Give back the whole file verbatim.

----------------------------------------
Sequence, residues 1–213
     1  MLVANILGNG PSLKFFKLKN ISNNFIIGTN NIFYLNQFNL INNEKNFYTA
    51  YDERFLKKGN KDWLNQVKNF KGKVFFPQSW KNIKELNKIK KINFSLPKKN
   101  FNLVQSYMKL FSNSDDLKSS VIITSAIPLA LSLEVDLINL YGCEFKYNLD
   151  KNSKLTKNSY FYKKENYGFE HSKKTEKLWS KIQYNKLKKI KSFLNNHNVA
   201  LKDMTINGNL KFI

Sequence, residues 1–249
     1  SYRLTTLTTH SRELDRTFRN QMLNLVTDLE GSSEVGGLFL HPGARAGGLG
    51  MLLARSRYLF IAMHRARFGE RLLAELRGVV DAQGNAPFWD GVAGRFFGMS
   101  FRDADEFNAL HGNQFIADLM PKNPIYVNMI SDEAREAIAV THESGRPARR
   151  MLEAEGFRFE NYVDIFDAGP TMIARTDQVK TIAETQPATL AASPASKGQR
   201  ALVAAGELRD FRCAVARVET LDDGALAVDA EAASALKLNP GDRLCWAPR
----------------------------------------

Sequence, residues 1–213
     1  MLVANILGNG PSLKFFKLKN ISNNFIIGTN NIFYLNQFNL INNEKNFYTA
    51  YDERFLKKGN KDWLNQVKNF KGKVFFPQSW KNIKELNKIK KINFSLPKKN
   101  FNLVQSYMKL FSNSDDLKSS VIITSAIPLA LSLEVDLINL YGCEFKYNLD
   151  KNSKLTKNSY FYKKENYGFE HSKKTEKLWS KIQYNKLKKI KSFLNNHNVA
   201  LKDMTINGNL KFI

Sequence, residues 1–249
     1  SYRLTTLTTH SRELDRTFRN QMLNLVTDLE GSSEVGGLFL HPGARAGGLG
    51  MLLARSRYLF IAMHRARFGE RLLAELRGVV DAQGNAPFWD GVAGRFFGMS
   101  FRDADEFNAL HGNQFIADLM PKNPIYVNMI SDEAREAIAV THESGRPARR
   151  MLEAEGFRFE NYVDIFDAGP TMIARTDQVK TIAETQPATL AASPASKGQR
   201  ALVAAGELRD FRCAVARVET LDDGALAVDA EAASALKLNP GDRLCWAPR